While Comte-Sponville has in common with the new atheists his continued adherence to many traditional Western values, he differs from them in not pretending that there was no connection historically between these values and religion. “Renouncing a God who has met his social demise…does not compel us to renounce the moral, cultural and spiritual values that have been formulated in his name (Comte-Sponville, p.21). Indeed, it was once suggested to him that he should refer to himself as a “Christian atheist” and thus explicitly acknowledge this heritage; eventually he settled on “faithful atheist” (Comte-Sponville, pp.32-33). If the concept of God has outlived its usefulness, this is not true of many things humanity learned while the concept was still found to be useful. For instance, “It is possible to do without religion but not without communion, fidelity or love. In these matters, what we share is more important than what separates us…Life is more precious than religion; this is where inquisitors and torturers are wrong. Communion is more precious than churches; this is where sectarians are wrong. Finally – and this is where fine people are right, whether they believe in God or not – love is more previous than hope or despair (Comte-Sponville,pp.65-66). Comte-Sponville renounces two “barbarisms” – that of religious fundamentalists, but also that of nihilists.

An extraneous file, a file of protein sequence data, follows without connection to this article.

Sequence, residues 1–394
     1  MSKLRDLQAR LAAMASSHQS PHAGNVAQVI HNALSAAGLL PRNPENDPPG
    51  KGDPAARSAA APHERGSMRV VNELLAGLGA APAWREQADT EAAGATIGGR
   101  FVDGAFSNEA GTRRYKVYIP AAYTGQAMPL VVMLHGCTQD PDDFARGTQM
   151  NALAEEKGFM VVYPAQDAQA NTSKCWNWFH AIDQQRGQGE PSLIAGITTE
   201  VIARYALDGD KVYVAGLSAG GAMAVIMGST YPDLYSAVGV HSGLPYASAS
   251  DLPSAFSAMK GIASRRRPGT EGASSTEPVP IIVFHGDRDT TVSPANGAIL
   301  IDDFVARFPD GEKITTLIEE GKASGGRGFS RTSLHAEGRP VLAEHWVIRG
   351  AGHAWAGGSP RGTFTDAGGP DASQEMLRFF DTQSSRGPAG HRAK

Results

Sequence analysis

Comte-Sponville’s atheism is of the “heavyweight” variety. His viewpoint simply dispenses with God, allowing him to fade out of the picture, rather than trying to kill him. He feels no need to pretend that religion has not made a positive contribution to humanity’s history and thinking. Precisely for these reasons, his perspective is more challenging, and is worth engaging. As someone who shares much with Comte-Sponville’s outlook, and yet ultimately expresses his view of the world in theological terms, I welcome the opportunity to dialogue with this book.